Porn on the Brain

DrWilliamStruthers
Pornography used to be something hidden and shameful. In recent years it has become disturbingly mainstream. It’s talked about regularly on television and portrayed as normal as well as being discussed in general conversation.

Research shows that 35% of Internet users in Australia have viewed pornography or visited a sex-oriented matchmaker site. That’s around 4.3 million Australians.

Author and acclaimed Neuroscientist Dr. William Struthers is an Associate Professor of Psychology at Wheaton University and author of the book Wired for Intimacy: How Pornography hijacks the male brain.

“Our reproduction organs are often given too much attention in the discussion of sexuality,” say Dr. Struthers. “It is the brain, however, where we feel the sexual longing, the arousal, the focus and the ecstasy that comes from sexual intimacy.

Pornography takes human sexuality out of its natural context, intimacy between two human beings, and makes it a product to be bought and sold.”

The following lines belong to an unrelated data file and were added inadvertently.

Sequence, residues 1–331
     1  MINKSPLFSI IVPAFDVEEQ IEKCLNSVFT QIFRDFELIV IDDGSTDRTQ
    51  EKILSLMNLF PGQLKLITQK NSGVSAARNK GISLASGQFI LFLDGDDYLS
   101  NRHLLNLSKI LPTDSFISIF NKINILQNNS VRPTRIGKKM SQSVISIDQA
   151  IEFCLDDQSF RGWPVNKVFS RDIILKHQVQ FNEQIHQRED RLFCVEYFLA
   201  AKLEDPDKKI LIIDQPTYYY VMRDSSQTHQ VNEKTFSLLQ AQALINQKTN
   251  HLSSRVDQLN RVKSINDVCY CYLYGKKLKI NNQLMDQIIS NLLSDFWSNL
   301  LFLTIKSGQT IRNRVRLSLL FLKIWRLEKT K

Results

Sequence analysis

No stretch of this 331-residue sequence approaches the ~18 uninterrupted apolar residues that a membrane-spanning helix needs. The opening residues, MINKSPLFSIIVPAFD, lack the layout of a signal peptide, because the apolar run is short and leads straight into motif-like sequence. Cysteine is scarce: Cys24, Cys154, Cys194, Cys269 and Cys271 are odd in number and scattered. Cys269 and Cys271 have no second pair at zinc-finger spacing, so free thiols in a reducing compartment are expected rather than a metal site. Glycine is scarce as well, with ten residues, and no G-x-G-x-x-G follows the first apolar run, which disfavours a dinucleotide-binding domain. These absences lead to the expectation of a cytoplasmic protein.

“Repeated exposure to pornography changes the way our brains see each other. Repeated exposure to any stimulus results in neurological circuit making. Pornography is the consumption of
sexual poison that becomes part of the fabric of the mind”

He’s just finished touring Australia giving audiences an insight into the harmful effects of porn. I had the opportunity to chat to him just before he jumped on a plane to head home. You can hear our conversation by clicking the play button on the audio player at the bottom of this post.
GuiltyPleasure
If you’d like more information about how porn is affecting our communities or how to break free from pornography, vist the Guilty Pleasure website.

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